High levels of TSH indicate an underactive thyroid while low levels indicate an overactive thyroid. In primary pituitary failure, a low TSH will be associated with an underactive thyroid.
Thyroxine (T4) is one of two hormones produced by the thyroid gland. Most T4 is bound to carrier proteins in the blood. This test measures the level of T4 which is free, or unbound, circulating in your blood.
High levels of free thyroxine can indicate an overactive thyroid while low levels can indicate an underactive thyroid.
Triiodothyronine (T3) is one of two thyroid hormones produced by the thyroid gland. Most T3 is bound to protein in the blood. Free T3 measures the level of T3 that is free, or unbound to protein, and is available to regulate metabolism.
This test looks for antibodies to thyroglobulin, a protein which is specific to the thyroid gland. Under normal circumstances it does not enter the bloodstream, but if your thyroid is inflamed or under attack from the body’s own immune system, then thyroglobulin can be secreted and antibodies detected.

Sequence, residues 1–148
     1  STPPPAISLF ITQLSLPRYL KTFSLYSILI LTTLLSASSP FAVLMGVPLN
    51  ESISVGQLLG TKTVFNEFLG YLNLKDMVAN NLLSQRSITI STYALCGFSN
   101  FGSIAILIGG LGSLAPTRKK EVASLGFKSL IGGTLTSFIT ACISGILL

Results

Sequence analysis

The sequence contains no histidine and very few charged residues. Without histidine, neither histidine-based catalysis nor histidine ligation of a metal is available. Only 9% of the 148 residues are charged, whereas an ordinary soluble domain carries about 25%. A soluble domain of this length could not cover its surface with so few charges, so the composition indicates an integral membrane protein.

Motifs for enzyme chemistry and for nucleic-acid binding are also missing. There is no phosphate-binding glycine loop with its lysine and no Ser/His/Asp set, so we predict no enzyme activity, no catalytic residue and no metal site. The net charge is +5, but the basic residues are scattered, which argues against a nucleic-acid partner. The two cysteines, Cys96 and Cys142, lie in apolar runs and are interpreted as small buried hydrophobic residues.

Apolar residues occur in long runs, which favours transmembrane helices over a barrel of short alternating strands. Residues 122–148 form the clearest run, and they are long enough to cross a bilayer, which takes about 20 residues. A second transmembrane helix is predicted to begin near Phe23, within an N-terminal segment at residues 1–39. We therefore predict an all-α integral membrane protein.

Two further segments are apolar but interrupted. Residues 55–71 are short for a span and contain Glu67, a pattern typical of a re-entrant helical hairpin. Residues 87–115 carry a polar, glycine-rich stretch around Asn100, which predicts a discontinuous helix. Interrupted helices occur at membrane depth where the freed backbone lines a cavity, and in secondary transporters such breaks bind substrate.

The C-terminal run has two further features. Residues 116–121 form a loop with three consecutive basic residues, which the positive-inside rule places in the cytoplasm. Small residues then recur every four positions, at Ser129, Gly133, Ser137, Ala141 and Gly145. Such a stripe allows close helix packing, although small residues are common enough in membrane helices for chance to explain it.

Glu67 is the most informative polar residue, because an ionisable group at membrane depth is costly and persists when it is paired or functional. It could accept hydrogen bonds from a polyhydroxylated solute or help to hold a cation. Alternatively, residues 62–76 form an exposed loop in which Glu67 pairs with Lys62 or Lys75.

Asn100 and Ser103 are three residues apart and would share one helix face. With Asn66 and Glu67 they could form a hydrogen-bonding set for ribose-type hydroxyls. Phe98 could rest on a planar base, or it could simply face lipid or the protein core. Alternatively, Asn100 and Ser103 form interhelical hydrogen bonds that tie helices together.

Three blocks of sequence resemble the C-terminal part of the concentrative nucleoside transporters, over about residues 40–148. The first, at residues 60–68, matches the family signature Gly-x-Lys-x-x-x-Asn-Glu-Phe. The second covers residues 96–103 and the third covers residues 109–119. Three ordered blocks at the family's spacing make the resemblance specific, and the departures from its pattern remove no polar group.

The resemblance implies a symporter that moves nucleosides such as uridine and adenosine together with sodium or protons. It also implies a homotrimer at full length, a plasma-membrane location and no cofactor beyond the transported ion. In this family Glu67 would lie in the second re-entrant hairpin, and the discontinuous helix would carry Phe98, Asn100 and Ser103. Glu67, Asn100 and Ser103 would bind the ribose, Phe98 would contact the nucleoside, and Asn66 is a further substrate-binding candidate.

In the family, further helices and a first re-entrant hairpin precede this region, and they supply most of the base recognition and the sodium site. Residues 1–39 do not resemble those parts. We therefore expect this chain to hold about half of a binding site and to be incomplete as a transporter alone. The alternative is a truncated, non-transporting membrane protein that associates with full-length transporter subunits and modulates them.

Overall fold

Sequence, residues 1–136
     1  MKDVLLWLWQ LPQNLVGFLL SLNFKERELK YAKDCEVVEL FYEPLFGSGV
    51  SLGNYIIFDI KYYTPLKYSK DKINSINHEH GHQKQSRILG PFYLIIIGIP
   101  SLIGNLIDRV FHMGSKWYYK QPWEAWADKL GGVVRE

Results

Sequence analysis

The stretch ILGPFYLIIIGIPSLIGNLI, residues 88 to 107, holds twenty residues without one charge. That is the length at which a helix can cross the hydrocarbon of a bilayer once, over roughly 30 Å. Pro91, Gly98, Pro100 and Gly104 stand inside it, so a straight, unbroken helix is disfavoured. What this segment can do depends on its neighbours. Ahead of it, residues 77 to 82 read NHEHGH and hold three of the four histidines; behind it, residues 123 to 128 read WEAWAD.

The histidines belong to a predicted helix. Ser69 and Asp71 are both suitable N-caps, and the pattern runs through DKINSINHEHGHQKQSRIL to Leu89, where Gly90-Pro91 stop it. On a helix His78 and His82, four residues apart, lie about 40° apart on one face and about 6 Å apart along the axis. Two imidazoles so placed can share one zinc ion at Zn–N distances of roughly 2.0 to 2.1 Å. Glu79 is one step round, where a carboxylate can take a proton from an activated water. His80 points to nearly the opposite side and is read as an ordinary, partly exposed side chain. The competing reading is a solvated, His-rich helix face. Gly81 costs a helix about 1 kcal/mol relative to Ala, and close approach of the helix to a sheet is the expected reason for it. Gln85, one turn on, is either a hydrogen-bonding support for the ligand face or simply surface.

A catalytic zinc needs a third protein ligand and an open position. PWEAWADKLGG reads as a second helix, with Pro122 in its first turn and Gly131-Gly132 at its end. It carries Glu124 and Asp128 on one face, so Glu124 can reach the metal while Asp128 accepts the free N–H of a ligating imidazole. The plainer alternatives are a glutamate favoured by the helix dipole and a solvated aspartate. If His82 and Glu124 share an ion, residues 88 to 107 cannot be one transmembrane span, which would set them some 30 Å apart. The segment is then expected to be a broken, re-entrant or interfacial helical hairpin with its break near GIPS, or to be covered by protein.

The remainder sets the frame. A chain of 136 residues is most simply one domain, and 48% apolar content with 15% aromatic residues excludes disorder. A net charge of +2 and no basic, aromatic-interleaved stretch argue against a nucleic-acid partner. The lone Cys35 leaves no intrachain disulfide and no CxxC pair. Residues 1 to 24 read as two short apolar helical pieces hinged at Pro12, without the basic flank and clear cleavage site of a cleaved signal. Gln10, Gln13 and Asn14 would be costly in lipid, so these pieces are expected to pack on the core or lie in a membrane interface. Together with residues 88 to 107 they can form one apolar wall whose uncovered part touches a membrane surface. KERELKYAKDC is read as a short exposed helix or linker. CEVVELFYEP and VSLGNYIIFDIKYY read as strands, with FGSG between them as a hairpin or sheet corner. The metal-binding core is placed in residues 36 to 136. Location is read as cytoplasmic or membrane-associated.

Raised levels of thyroglobulin antibodies (TGAb) can indicate autoimmune thyroid disease.
Thyroid peroxidase is an enzyme which is produced in the thyroid gland and is important for converting T4 to the biologically active T3. This test looks for antibodies to thyroid peroxidase (TPOAb) in the blood which indicates that the body’s immune system is attacking the thyroid gland and impairing its function.
Raised levels of thyroid peroxidase antibodies are often found in Hashimoto’s disease (underactive thyroid) and can sometimes be detected before any symptoms are reported.
Raised levels are also found in over half the cases of Graves’ disease (overactive thyroid).
Vitamin B12 is important for production of red blood cells which carry oxygen around the body – low levels can cause anaemia with associated symptoms of lack of energy and fatigue. It is also important in metabolism and for the nervous system and prolonged lack of vitamin B12 may cause nerve damage. Vitamin B12 is almost entirely found in meat and animal food products.
Around 70% of vitamin B12 is bound to carrier proteins in your blood. This test measures the level of unbound or active B12 which is available for your cells.
A common reason for elevated B12 is over-supplementation. Raised levels of vitamin B12 may indicate a blood or liver disorder.